On Tue, 2008-12-30 at 14:40 +0200, Heikki Linnakangas wrote:
> Simon Riggs wrote:
> > That for me is beginning to sound fairly ugly: difficult to understand
> > and difficult to use. But I see some people might want that in certain
> > circumstances. So I guess we should build it. Any good ideas for the
> > control mechanism?
> Using functions seems overly complicated.
We agree on that.
> Since xids are system-wide, I
> don't see much value in specifying them at any finer level, or in
> allowing them for non-superusers. GUC seems like the natural choice.
Well, GUCs have security implications that I'm not happy about. I will
relent if you will vouch for that decision.
(boolean) - a USERSET GUC that only has meaning during standby query
execution. <name> specifies whether the current standby session's xmin
is included in the calculation of OldestXmin on the *primary* node. If
this parameter is true then the standby query will never be cancelled
because of conflicts between the activity of the primary and standby
(see discussion in chapter XXXX). The downside of using this parameter
is that standby queries can cause table bloat on the primary (see
chapter Data Maintenance for more detail).
"standby_xmin_on_primary" - new name sought. I think it should begin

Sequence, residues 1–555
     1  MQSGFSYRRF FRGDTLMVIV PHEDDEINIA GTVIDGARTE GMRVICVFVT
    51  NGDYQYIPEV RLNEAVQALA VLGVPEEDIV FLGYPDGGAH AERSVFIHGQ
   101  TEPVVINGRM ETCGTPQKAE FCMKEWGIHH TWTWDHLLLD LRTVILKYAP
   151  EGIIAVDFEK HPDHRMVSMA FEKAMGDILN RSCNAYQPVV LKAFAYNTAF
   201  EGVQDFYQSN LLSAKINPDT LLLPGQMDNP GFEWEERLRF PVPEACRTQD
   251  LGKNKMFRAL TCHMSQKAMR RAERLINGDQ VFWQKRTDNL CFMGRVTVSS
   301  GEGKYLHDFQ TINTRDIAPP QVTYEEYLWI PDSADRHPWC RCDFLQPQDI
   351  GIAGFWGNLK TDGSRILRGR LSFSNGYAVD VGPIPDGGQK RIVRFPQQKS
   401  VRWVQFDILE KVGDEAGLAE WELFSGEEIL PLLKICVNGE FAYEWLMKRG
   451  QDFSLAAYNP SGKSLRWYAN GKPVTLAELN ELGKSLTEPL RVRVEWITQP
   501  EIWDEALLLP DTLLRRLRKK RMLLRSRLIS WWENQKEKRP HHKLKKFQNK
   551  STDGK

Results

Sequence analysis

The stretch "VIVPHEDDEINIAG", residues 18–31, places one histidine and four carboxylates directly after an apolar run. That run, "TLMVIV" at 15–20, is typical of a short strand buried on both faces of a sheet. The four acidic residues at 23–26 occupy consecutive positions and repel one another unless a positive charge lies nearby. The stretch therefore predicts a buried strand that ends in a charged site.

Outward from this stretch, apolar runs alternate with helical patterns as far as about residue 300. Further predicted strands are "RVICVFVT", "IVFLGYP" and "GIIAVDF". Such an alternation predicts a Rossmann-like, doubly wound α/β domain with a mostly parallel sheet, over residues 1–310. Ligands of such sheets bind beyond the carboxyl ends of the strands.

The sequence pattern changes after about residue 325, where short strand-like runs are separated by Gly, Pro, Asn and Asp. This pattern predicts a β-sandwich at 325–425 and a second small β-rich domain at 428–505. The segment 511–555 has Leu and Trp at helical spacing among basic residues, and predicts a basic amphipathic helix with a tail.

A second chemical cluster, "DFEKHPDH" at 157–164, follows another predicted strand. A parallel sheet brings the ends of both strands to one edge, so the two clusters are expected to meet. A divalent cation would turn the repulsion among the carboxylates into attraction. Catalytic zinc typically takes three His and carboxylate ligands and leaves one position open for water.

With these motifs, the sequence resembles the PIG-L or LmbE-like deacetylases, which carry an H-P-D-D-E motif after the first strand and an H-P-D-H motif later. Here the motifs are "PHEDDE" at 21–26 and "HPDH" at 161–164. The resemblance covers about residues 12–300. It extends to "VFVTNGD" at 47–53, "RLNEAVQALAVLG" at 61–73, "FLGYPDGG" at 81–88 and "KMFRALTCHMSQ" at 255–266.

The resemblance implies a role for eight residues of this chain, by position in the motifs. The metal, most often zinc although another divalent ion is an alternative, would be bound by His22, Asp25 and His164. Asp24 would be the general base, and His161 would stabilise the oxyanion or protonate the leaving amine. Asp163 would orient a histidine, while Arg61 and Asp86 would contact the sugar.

with "standby_" to remind us that it only effects standby query
WALReceiver will send message back to WALSender. WALSender will update a
single 4 byte value, RemoteXmin that is read during GetSnapshotData().
Updating value will not hold a lock, just as xid is not locked when
setting new value.
We add a boolean to each proc: SendRemoteXmin. When we run
GetSnapshotData() if our own proc has SendRemoteXmin set then we
calculate RemoteXmin from the minimum of any proc with SendRemoteXmin
set. When we release our snapshot we re-calculate RemoteXmin so that the
primary node suffers as little delay as possible in receiving updates to
I'll begin work on this once sync rep is committed. It's about 3-5 days
work, but no point in writing it yet because the sand will shift
underneath it too much in the next few weeks.
Simon Riggs www.2ndQuadrant.com
PostgreSQL Training, Services and Support
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